The primary constituent of standard developers is—what?—sodium sulfite? That stuff used in massive quantities to preserve the food that you eat? And the developing agents themselves are so notorious for self-oxidizing and loosing strength that there are gazillions of APUG threads about how to slow that process down long enough that we can reasonably use them before they quickly go bad.
Standard stop bath? That stuff that's really just half-strength white vinegar? Vinegar itself being a well-known emergency substitute in the darkroom? And also being a well-known one-half of a tasty salad dressing? Except that at half-strength it wouldn't even make such a good dressing, would it? It wouldn't even be strong enough to want to eat it.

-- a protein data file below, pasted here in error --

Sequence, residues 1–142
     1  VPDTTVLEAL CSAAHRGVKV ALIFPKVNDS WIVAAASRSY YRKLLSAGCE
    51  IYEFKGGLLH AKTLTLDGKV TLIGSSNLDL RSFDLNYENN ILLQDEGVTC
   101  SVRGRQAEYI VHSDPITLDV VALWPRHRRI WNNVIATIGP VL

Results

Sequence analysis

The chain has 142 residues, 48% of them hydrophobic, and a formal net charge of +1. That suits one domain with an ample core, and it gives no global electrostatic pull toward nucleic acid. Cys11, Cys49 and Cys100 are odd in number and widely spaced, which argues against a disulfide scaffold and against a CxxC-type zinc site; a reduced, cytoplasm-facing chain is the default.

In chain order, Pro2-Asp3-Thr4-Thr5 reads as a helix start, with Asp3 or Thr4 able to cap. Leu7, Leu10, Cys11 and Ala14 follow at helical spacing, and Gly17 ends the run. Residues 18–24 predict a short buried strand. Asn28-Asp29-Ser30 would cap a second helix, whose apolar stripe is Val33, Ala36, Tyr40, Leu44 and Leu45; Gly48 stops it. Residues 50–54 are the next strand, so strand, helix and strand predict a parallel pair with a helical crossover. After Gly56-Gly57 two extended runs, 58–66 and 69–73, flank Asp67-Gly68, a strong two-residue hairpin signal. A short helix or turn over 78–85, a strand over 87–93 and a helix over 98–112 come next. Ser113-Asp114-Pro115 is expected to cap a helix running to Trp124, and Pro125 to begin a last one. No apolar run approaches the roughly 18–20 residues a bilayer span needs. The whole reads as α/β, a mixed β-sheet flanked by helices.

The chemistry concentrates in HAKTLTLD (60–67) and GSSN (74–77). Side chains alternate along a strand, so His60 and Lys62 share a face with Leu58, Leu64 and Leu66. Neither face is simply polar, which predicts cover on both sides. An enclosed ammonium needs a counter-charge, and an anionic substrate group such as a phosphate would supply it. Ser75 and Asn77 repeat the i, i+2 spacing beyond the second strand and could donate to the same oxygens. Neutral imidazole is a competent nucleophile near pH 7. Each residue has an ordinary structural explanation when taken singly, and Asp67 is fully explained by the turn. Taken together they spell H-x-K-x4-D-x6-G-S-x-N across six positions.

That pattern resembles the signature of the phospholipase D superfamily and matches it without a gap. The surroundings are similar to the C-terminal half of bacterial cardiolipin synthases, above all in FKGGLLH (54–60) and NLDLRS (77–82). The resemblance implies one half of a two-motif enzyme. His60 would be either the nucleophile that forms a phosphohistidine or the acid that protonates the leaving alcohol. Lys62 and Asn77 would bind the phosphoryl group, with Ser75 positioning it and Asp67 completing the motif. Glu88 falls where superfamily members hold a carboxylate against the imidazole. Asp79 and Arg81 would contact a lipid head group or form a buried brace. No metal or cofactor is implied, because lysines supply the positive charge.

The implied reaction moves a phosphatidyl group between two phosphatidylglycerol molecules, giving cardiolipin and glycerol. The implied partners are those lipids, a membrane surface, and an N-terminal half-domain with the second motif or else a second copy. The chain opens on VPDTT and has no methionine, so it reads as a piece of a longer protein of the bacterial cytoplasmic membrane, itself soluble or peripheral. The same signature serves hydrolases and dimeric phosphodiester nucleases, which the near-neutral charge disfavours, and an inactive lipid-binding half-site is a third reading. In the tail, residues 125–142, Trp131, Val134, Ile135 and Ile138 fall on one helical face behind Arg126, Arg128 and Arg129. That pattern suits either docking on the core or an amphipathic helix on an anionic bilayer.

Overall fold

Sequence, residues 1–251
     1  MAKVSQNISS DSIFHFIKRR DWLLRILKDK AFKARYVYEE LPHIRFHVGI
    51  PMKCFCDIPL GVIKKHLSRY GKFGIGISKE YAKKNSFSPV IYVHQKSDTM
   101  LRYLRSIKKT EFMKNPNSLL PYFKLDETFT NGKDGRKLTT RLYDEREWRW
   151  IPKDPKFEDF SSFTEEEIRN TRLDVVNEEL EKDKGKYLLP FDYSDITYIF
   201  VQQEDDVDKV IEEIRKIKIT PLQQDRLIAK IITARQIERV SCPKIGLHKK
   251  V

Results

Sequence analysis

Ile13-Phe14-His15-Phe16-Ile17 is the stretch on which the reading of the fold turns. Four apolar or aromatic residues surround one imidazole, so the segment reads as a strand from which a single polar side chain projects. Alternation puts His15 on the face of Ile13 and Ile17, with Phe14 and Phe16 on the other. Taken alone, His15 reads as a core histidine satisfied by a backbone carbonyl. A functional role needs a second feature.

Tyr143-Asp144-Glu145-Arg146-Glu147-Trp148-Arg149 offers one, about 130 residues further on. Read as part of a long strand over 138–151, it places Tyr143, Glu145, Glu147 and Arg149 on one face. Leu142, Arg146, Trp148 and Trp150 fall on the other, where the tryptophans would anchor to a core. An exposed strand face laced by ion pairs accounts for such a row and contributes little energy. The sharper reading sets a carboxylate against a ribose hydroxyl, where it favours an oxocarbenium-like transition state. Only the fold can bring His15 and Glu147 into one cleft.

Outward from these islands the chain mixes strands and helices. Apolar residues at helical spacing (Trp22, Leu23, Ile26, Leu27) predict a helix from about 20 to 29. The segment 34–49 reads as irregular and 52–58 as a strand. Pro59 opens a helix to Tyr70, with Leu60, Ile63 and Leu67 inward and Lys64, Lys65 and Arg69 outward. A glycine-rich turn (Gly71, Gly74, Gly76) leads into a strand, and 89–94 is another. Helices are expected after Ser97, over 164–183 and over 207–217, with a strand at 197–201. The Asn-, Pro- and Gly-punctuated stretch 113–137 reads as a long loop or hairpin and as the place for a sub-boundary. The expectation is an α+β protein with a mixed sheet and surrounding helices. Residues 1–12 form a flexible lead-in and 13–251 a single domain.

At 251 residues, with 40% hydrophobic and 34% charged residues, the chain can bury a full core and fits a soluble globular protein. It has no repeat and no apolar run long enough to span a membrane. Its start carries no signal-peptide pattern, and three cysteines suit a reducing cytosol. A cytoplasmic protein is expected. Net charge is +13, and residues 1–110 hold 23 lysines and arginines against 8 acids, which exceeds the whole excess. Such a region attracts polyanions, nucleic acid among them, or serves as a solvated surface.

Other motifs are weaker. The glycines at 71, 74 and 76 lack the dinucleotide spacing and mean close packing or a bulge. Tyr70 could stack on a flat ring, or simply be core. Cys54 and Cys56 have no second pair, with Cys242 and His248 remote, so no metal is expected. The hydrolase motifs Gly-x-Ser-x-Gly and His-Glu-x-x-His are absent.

Fixer? Standard sodium thiosulfate? That stuff used by caretakers of municipal public swimming pools to dechlorinate the water when required? That same water the public swims in, pees in, and yes, sometimes even swallows? The same stuff used to pre-treat water for aquariums that arguably contain the most delicate life forms (tropical fish) in the universe? Some have even reported using sodium thiosulfate to fertilize their vegetable gardens.
And the silver ions in spent fixer? As has been pointed out, the reduction environment in which they find themselves in a septic system almost instantly results in formation of insoluable silver sulfide. Insoluable. As in not a danger to the environment. Or the septic tank.* Or even a well-toned sepia print.
Contrary to popular opinion driven by fear, a standard b&w photographic darkroom is not Bhopal, India...
* Now approaching a quarter-century using the same tank without any problem whatsoever.